Driving Under the Influence of Controlled Substances

Pennsylvania has multiple ways, under section 3802(d) of the vehicle code, to charge someone who is driving with controlled substances or other drugs in their system. These include driving after having used illegal street drugs or after having taken drugs that were prescribed by a doctor or after having used drugs that are normally prescribed by a doctor without a valid prescription. Subsection (1) applies to anyone who drives a motor vehicle with any amount of a Schedule I drug or a Schedule I drug metabolite in their blood. It also applies to anyone who has a Schedule II or Schedule III drug or metabolite in their system if the Schedule II or Schedule III drug was not prescribed by a doctor. A metabolite is the by-product of a drug as it breaks down in your system. Different drugs have different metabolites. This section does not require that you be under the influence of the drug or that you be impaired. Simply having the drug in your blood is enough to face charges.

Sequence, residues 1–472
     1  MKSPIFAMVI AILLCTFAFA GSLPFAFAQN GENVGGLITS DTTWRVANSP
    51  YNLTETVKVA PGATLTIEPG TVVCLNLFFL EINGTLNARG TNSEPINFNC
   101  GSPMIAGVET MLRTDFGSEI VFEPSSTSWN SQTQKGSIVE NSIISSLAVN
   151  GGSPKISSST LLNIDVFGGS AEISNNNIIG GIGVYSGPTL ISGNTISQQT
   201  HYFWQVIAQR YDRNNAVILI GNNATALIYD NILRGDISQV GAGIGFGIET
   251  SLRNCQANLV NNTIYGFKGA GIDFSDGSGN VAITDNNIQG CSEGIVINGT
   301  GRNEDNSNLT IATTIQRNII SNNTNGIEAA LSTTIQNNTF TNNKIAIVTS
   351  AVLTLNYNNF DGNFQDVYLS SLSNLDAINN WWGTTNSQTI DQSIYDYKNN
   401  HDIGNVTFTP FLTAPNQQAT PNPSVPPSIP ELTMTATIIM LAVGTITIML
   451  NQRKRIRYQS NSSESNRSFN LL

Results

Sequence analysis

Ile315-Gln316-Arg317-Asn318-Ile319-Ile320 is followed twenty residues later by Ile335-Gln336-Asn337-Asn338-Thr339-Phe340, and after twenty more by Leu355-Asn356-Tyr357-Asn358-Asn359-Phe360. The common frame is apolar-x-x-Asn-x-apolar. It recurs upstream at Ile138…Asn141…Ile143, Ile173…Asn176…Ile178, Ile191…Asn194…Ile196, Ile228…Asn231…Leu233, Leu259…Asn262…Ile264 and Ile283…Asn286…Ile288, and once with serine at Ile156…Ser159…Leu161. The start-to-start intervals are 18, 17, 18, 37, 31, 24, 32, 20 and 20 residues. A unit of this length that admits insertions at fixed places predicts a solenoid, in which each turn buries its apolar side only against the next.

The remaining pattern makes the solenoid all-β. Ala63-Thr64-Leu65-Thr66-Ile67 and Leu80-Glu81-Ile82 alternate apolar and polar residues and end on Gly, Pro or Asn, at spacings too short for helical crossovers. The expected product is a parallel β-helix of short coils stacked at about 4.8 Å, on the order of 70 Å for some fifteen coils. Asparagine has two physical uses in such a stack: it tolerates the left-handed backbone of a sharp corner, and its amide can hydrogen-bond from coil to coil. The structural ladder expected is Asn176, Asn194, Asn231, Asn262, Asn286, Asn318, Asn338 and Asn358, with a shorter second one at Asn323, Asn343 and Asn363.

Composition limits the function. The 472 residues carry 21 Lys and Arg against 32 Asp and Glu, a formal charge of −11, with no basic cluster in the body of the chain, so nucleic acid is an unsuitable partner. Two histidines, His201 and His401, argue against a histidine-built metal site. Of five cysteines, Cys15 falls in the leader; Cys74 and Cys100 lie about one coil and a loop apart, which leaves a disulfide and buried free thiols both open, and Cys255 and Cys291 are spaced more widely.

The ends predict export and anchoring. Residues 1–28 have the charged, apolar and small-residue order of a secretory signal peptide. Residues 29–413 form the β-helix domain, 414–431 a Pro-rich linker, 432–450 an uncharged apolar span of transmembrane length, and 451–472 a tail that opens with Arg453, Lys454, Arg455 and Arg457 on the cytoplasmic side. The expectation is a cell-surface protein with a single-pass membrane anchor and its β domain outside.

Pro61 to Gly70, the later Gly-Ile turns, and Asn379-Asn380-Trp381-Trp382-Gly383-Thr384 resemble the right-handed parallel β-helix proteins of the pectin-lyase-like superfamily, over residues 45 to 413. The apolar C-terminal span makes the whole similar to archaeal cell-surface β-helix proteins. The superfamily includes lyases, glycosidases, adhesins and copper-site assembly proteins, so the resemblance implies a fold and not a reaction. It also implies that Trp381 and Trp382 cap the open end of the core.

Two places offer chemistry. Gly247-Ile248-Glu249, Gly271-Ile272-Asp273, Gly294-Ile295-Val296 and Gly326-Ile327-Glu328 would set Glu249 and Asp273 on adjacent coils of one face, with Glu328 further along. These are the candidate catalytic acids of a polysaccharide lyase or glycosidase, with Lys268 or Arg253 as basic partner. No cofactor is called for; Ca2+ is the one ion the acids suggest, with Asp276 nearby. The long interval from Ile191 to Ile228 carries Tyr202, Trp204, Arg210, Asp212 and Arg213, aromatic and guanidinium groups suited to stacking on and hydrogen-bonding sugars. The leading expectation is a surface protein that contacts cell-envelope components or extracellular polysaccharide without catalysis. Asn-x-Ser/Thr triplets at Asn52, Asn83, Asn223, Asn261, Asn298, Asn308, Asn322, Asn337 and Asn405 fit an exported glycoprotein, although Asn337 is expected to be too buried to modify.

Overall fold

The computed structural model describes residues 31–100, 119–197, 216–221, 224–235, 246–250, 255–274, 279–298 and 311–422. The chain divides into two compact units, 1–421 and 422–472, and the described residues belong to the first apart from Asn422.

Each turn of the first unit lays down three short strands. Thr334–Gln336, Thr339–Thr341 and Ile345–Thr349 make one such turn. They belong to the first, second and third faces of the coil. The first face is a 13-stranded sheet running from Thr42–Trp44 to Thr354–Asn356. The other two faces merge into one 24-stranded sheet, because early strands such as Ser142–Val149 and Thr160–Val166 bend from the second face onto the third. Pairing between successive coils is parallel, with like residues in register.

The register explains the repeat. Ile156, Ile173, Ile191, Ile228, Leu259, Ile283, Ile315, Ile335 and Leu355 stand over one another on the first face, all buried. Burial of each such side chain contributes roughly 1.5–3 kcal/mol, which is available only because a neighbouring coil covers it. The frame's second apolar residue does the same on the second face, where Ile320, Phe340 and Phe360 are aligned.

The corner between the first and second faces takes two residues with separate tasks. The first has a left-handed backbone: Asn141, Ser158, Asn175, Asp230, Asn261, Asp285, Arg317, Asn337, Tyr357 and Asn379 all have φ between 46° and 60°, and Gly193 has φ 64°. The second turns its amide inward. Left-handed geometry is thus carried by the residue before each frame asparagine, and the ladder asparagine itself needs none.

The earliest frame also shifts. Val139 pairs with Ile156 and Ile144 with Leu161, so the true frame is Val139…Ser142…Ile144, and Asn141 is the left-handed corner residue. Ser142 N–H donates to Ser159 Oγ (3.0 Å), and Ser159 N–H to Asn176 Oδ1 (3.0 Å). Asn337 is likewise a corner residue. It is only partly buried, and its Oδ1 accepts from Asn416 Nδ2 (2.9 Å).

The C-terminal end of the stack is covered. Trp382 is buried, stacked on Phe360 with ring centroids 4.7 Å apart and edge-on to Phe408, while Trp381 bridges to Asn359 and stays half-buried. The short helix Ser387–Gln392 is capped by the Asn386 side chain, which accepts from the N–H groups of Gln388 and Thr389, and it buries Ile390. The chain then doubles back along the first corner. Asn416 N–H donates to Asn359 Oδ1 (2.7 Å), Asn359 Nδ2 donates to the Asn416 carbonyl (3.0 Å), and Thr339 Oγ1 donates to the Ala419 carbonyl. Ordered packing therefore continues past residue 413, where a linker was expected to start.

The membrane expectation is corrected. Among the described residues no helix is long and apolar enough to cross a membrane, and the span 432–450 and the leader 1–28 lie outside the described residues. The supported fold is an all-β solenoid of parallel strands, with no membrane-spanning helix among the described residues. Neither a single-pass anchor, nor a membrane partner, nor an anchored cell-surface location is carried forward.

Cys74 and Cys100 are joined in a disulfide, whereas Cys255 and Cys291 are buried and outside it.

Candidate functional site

Subsection (2) applies to anyone who drives a motor vehicle under the influence of drugs to such a degree that they are incapable of safe driving. This section applies to all drugs, even those prescribed by a doctor and taken as prescribed.

Subsection (3) applies to anyone who drives a motor vehicle under the influence of a combination of drugs and alcohol to such a degree that they are incapable of safe driving. If you have both drugs and alcohol in your blood you are likely to be charged under this section as well as under the alcohol related sections of the DUI statute.

Subsection (4) applies to anyone who drives a motor vehicle under the influence of solvents or noxious substances. Again, this section does not require that you be impaired, only that you have a solvent or noxious substance in your blood. A solvent or noxious substance is any substance containing one or more of the following chemical compounds: acetone, acetate, benzene, butyl alcohol, cyclohexyl nitrite, ethyl alcohol, ethylene dichloride, gaseous or liquid fluorocarbons, isopropyl alcohol, methyl alcohol, methyl ethyl ketone, nitrous oxide, pentachlorophenol, petroleum ether, or toluene. This section is often charged when people use inhalants, sometimes called huffing, and then drive.

The penalties for conviction of any of the above DUI subsection is the same as the penalties for the highest tier Alcohol DUI offense. For more specific information about possible punishments for DUI tiers and number of offenses please see the chart provided under our resource tab. resources page

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